If you have a Libor-based loan, or if you are trying to get one, don’t let the headlines concern you. Nothing has changed and there will be no impact on your loan.
So everyone understands what is going on: Libor is a rate that is calculated each business day at 11:00 a.m. in London by the British Bankers Association. They ask 16 of the major world banks to make an estimate of the cost at which that bank can borrow for itself for 30 days, 60 days, 90 days etc. in the interbank market. They then throw out the top four sets of quotes and the bottom four, and they take a simple average of the remaining eight. The BBA then publishes Libor for the day all around the world to everyone at once.
The entire world uses the same Libor rate each day, and everyone knows the rates at the same time each day. The one-month rates are quoted out to five decimal points, such as 0.24675. When you are quoted a Libor rate by your lender, generally it is quoted as a rounded number to two places.
The numbers banks give to the authorities making the calculation are estimates that are determined by traders at the banks. They are never based on real trades. The entire exercise was, and remains, a best guess based on a bunch of guesses that are averaged. There is no real Libor number that is based on a real trade.
The issue came in 2007 and 2008 when there was almost no way any bank could borrow money in the interbank market. Many banks were putting in overly low rates so that nobody would think the bank was unable to get loans for itself or that its credit was weak, and, therefore, they did not want to be seen as paying a higher rate than other banks. All 16 quotes are made public each day, so whatever a bank says is its cost of funds is public information. So banks were often putting in lower numbers than they possibly should have, but everyone knew it. All of the regulators seem to have known that the Libor quotes were not right at the time.
It is now clear even the Federal Reserve and the British banking authorities knew it and went along so as not to upset the chaotic, fragile markets. But some deceitful swaps and other derivatives traders took notice and gamed the system by misstating the five-decimal margin for pricing their swaps books. Because they managed a book of $80 billion to $100 billion of swaps and derivatives, they could make a few more dollars profit if the last decimal point or two of the five is off by a little.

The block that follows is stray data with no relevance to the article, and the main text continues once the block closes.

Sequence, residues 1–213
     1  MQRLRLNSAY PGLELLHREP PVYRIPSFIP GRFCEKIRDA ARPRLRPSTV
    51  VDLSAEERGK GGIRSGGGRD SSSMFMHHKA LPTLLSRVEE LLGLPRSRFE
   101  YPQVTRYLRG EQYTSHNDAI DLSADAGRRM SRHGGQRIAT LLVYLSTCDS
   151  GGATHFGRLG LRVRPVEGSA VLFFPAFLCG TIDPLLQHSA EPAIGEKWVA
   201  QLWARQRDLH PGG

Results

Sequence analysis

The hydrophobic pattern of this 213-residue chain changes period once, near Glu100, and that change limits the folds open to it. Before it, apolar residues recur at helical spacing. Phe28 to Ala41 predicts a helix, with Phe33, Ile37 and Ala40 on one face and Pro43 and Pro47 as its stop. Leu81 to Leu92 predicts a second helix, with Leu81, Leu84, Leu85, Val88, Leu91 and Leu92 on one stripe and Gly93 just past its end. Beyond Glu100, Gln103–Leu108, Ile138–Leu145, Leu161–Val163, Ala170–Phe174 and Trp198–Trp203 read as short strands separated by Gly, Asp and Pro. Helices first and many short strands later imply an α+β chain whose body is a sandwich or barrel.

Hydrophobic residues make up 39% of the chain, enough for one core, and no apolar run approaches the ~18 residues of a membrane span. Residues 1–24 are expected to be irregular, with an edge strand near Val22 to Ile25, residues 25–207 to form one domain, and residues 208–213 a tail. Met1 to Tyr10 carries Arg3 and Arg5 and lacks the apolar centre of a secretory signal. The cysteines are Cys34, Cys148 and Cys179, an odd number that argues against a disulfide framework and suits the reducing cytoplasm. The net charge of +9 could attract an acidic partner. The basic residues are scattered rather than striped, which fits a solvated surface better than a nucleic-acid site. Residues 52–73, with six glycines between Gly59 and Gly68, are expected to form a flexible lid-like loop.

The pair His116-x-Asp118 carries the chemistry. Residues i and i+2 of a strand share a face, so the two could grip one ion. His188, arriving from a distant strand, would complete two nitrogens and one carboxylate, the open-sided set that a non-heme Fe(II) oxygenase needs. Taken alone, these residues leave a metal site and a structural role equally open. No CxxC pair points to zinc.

To you as a borrower at $10 million or even $100 million who was quoted to a rounded two decimal points, it does not make any difference and nothing at all is going to change in regard to your loan. Anyone who says you need to be concerned simply does not understand the market or the issue. The offending traders will be dealt with, and it has absolutely nothing to do with you or your ability to borrow money. That is an underwriting issue, not anything to do with Libor setting. A lender will use current Libor or find another index if he wants to make you a loan.
In time, a new metric based on real trades might take its place—or not. Probably it will. A lot of academic work has been done on the topic, and everyone who matters already knows the issues. If there is a change, it will only affect the index for new loans, and then only after the change is made. Even then, they will not change the all-in cost, just the form of index. That could take months, or more likely a couple of years.
The only people who really care are senior bank managers who have to deal with this, lawyers who just found a new source of fee generation, politicians who want to beat up on banks and the media who have no understanding of the issue, but also love to attack bankers. The pity is the top managers of Barclays—which has landed itself at the center of the Libor rate-rigging scandal and has since seen the departure of many top executives—were excellent, and now that bank is weaker for their loss. It is vastly more damaging to the banking system worldwide to lose these guys than whatever tiny adjustment might have been made on some days to the margin on Libor indexes.
For you, go back to whatever it is you do and forget it. There will be lots of media and political noise and many more lawsuits and fines. Unfortunately, it is one more cost and distraction for bankers that just causes them, and ultimately you, more cost to pay the bank’s lawyers.
Nobody is going to cut lending over this. No lender did or did not make a loan because Libor was 25.46 but got quoted at 25.47. It is all nonsense. Nobody is making any change at all to your loan. The truth is that borrowers probably got a benefit because the bias was to quote low by banks so as not to look weak.
Joel Ross is principal of Citadel Realty Advisors, successor to Ross Properties, the investment banking and real-estate financing firm he launched in 1981. A pioneer in commercial mortgage-backed securities, Ross, along with Lexington Mortgage and in conjunction with Nomura, effectively reopened Wall Street to the hotel industry. A member of Urban Land Institute, Ross conceived and co-authored with PricewaterhouseCoopers The Hotel Mortgage Performance Report. Ross is also the author of Ross Rant, a commentary on the economy, financial markets and politics that is available through his website, www.citadelrealty.com.
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